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Camaro puts aggressive Acura back in its place

100% stock (right down to the paper air filter) 1993 LT1 powered Camaro automatic, out for a cruise after a couple base Dyno pulls, and ran into ...

Car Dependence and the Troubling Rise of Subprime Auto Loans

Since the economic recovery began, lending institutions have actually loosened standards for car loans. The auto finance sector was excluded from regulation by the Consumer Financial Protection Bureau, which was created after the housing crisis to help regulate the consumer banking and credit industry.

Since then, more Americans have chosen to borrow to pay for their cars. About 86 percent of new cars were financed in 2015, up from 80 percent in 2008, according to Tony Dutzik of the Frontier Group , who has been researching the issue. For used cars, the financing rate rose to 55 percent in the second quarter of 2015 — about 7 percentage points higher than in 2010.

Lower-income borrowers account for a large share of the growth in car loans. According to a 2014 New York Times story , subprime auto lending increased 130 percent in the five years following the recession.

Evidence suggests consumers are being stretched thin. Default rates have been climbing. CNN Money reported in March that unpaid subprime car loans are at a 20-year high. As Dimon indicated, this may pose a risk to the broader economy.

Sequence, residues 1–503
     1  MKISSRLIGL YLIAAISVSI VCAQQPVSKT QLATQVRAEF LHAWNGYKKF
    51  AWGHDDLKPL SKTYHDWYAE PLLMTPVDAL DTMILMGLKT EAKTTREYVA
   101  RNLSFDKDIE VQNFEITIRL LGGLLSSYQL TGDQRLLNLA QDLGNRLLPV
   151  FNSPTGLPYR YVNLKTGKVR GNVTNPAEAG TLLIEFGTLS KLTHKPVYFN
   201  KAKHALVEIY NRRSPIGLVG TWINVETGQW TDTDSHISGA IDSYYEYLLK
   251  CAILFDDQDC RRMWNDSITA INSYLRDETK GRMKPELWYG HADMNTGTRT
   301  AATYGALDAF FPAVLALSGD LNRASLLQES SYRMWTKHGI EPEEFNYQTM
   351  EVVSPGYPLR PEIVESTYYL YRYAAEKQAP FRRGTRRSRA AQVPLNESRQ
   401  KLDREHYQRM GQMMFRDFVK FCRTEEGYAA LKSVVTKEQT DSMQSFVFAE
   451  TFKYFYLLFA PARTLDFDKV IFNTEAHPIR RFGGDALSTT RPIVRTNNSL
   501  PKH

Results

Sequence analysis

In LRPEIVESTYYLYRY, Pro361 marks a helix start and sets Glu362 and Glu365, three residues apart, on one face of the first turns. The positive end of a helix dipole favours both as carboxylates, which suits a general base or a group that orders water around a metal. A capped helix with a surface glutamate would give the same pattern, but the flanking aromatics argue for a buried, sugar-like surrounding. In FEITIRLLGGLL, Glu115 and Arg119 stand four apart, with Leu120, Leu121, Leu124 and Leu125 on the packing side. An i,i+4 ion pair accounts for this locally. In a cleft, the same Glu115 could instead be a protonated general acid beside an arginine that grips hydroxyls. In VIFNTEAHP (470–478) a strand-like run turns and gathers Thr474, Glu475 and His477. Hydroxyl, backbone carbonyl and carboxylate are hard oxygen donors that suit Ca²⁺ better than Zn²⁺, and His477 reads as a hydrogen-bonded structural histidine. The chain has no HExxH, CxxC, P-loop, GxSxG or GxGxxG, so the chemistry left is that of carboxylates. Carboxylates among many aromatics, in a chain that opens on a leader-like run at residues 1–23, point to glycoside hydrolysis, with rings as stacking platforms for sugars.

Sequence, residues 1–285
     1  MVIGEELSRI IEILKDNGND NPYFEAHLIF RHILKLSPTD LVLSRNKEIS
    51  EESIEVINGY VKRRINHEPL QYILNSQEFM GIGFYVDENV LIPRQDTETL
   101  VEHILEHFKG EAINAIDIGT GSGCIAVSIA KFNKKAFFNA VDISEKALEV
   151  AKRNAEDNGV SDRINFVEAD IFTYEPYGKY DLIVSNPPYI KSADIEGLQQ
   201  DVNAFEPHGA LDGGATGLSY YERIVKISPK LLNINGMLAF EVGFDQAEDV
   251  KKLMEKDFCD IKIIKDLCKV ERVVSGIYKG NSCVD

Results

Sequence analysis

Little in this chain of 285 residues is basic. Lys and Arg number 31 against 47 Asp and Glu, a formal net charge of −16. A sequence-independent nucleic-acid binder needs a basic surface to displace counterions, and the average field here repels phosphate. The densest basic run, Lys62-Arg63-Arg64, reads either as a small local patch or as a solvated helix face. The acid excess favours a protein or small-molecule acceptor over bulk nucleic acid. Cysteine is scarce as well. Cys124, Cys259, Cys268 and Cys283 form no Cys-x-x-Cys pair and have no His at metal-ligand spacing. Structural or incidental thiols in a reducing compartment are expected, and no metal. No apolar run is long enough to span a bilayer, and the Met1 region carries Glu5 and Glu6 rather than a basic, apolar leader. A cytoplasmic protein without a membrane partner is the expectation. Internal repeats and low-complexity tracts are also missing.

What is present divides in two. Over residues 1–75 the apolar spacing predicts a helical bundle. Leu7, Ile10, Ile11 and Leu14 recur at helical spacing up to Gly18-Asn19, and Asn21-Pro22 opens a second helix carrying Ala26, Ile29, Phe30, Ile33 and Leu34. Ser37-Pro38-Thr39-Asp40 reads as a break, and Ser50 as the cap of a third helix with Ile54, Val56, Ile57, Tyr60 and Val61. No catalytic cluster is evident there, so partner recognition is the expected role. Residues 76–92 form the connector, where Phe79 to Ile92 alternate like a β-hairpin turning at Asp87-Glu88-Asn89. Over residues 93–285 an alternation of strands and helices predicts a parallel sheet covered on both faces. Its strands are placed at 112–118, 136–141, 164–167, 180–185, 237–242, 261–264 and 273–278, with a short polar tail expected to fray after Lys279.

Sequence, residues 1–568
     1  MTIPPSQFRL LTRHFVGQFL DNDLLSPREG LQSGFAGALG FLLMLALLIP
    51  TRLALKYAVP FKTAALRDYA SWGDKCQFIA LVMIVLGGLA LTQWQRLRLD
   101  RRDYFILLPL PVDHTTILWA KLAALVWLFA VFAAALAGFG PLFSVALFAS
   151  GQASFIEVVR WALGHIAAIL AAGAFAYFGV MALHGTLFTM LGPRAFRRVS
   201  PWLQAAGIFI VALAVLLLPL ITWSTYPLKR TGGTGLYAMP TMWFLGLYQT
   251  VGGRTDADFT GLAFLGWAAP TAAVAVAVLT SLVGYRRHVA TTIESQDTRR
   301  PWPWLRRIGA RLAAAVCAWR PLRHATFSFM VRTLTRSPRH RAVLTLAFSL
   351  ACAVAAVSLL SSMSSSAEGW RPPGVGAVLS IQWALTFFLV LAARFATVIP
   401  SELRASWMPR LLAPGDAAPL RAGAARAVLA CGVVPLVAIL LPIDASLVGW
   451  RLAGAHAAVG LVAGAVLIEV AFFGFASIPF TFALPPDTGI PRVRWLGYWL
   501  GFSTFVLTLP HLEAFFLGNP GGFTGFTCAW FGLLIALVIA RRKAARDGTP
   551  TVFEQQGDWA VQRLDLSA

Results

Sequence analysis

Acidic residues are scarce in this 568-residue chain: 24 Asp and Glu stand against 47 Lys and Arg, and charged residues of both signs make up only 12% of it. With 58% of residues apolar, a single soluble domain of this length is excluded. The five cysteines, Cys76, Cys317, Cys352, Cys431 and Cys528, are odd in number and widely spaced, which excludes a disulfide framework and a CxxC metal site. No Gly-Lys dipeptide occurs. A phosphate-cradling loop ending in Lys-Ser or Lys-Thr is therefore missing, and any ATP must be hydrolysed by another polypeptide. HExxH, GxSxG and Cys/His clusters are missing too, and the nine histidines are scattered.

Some Lenders Relax Standards Too Much, Dealer Says

Vehicle financing “started off the year with a bang,” says Melinda Zabritski, senior director-automotive financing for credit tracker Experian.

But some industry people worry heightened competition among lenders could blow up in their faces if there’s a surge in car-loan defaults. Others say there’s no need to fret.

Certain lenders are doing questionable things, such as relaxing credit standards to get dealers to steer business their way, says Joe Castle, dealer principal of the Castle Auto Group in Chicago.

The automotive-lending industry went into a deep freeze in 2009, a result of the nationwide financial crisis. But now car lending seems a bit too free flowing, with some aggressive lenders failing to properly vet credit-challenged consumers seeking loans, Castle says.

“What worries me is that I’m seeing lenders waiving stipulations (i.e. proof of employment and residency) on 550 (subprime) credit scores,” he says at a recent American Financial Services Assn. conference.